A visa is a document utilized by individuals who are seeking authorization for travel and/or admittance to the United States. As a professional counselor, I support applicants of U Visas, VAWA (Violence Against Women Act), and petitions by providing immigration mental health evaluations.
Each year there are a limited amount of U Visa allocated to applicants. According to the USCIS (2017) “the limit on the number of U visas that may be granted to principal petitioners each year is 10,000” (p. 3). Once the cap has been met, the USCIS will establish a waiting list for eligible applicants. Persons placed on the waiting list will be “granted deferred action or parole and are eligible to apply for work authorization while waiting for additional U visas to become available” (USCIS, 2017, p. 4). With this in mind, persons applying for the visa should work diligently to begin the process.
A U visa, is commonly known as a U nonimmigration status. This type of visa is for persons who have been through a specific type of crime and as a result experienced mental or physical abuse. In order to apply for the U Nonimmigration (U Visa) persons must be (a) a victim of a qualifying criminal activity (b) have suffered physical and/or mental abuse (c) have supported law enforcement with the investigation and/or prosecution of the crime (d) have experienced the crime in the United states (e) be admissible to the united states (USCIS, 2017). The USCIS (2017), list the following as qualifying criminal activities: “abduction, abusive sexual contact, blackmail, domestic violence, extortion, false imprisonment, felonious assault, rape, prostitution, perjury, peonage, murder, trafficking, witness tampering, and stalking” (p. 2).
Persons that find themselves eligible for the U Visa should pay special attention to the psychological trauma brought on by the qualifying criminal activity. With this in consideration, services such as mental health counseling or psychotherapy support groups can provide immense psychological aid for the person and their family.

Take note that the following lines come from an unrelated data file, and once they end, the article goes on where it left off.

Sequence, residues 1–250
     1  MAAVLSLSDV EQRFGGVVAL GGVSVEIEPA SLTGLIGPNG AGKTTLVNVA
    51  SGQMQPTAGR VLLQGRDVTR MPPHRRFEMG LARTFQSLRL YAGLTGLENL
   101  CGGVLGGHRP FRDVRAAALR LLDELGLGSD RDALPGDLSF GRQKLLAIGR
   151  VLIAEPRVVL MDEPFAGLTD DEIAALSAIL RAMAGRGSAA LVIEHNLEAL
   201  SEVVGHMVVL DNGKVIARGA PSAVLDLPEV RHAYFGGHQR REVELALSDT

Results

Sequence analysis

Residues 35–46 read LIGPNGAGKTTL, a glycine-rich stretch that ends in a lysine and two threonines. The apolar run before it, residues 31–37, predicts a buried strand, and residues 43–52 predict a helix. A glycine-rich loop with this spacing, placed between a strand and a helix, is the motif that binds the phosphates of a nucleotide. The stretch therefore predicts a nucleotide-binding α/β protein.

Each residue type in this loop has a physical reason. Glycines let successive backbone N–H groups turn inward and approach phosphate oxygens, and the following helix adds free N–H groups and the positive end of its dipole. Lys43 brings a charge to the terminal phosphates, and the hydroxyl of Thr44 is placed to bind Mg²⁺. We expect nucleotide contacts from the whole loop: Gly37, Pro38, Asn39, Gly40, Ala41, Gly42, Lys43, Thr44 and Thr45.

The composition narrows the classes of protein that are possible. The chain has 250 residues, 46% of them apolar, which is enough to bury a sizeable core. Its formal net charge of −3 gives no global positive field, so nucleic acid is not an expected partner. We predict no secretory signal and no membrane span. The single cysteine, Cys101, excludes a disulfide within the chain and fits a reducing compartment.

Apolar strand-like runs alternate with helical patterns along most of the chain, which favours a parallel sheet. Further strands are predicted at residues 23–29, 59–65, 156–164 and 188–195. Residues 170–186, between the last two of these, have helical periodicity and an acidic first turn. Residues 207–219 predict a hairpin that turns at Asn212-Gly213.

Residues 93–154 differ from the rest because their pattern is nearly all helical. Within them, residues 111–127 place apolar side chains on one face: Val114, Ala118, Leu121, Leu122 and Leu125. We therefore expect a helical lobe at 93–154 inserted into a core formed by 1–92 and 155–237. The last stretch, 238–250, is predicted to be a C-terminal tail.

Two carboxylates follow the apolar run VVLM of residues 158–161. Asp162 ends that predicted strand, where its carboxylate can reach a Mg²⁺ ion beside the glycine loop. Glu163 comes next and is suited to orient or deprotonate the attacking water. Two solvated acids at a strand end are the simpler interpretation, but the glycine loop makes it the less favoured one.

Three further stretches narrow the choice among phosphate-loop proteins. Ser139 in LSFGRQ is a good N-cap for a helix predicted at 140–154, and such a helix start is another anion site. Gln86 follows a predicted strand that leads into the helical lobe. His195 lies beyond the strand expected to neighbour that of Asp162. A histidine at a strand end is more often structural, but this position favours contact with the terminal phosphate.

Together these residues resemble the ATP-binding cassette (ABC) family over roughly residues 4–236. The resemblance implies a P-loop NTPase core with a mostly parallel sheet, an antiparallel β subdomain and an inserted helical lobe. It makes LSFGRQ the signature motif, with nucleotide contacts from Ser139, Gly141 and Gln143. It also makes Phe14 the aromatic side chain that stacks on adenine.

One of the qualifications of the visa is that the person must be a victim of a qualifying criminal activity. Examples of qualifying criminal activity include but not limited to: (a) being physically assaulted while walking home from work (b) being sexually assaulted at your home (c) witnessing a bank robbery take place (d) experiencing domestic violence.
The assault should highlight trauma on an emotional level. In the example utilized above, being physically assaulted while walking home from work, the psychological mental trauma can be the following.: (a) experiencing problems sleeping (b) insecurity (c) feeling unsafe (d) sadness or anxiety. Overall, the person who experienced the criminal activity should also have experienced physical and/or emotional trauma. In addition to experiencing the criminal activity the person applying should have cooperated with the authorities. Cooperation with the authorities must have been in a positive manner, meaning that the application was forthcoming and earnest with the disclosure of the criminal activity.
United States Citizenship and Immigration Services. (2017). Victims of Criminal Activity: U Nonimmigrant Status. Retrieved from https://www.uscis.gov/humanitarian/victims- human-trafficking-other-crimes/victims-criminal-activity-u-nonimmigrant- status/victims-criminal-activity-u-nonimmigrant-status